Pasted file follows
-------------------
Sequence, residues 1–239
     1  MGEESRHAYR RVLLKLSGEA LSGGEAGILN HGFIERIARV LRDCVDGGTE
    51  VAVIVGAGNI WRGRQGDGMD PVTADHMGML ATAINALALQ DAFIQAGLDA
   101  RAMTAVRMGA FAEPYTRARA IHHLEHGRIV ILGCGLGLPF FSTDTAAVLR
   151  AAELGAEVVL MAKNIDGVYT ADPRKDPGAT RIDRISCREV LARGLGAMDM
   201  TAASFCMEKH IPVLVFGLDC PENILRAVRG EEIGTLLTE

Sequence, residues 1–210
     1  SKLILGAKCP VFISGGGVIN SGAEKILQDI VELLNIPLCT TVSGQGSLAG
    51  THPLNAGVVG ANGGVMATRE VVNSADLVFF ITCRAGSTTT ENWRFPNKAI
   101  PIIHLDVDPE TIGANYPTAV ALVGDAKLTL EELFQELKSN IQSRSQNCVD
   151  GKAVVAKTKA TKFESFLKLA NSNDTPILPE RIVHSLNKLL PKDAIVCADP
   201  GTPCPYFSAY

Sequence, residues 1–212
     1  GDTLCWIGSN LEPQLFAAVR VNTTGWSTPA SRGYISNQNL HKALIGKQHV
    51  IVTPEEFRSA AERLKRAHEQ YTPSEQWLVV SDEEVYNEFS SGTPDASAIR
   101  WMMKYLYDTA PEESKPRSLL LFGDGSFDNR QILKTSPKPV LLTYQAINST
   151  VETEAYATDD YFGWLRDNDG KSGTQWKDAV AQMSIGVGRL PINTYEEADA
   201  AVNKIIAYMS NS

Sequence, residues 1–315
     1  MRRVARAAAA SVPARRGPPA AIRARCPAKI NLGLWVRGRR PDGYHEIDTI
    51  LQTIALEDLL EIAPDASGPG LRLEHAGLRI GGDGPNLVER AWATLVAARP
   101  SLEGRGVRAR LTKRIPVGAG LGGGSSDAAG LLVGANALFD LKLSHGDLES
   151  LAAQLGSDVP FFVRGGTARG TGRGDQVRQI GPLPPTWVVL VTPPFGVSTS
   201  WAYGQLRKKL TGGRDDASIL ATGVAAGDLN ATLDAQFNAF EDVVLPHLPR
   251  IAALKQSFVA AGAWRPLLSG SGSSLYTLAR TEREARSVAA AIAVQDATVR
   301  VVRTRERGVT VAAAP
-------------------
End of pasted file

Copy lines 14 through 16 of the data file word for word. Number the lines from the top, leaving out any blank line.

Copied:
     1  GDTLCWIGSN LEPQLFAAVR VNTTGWSTPA SRGYISNQNL HKALIGKQHV
    51  IVTPEEFRSA AERLKRAHEQ YTPSEQWLVV SDEEVYNEFS SGTPDASAIR
   101  WMMKYLYDTA PEESKPRSLL LFGDGSFDNR QILKTSPKPV LLTYQAINST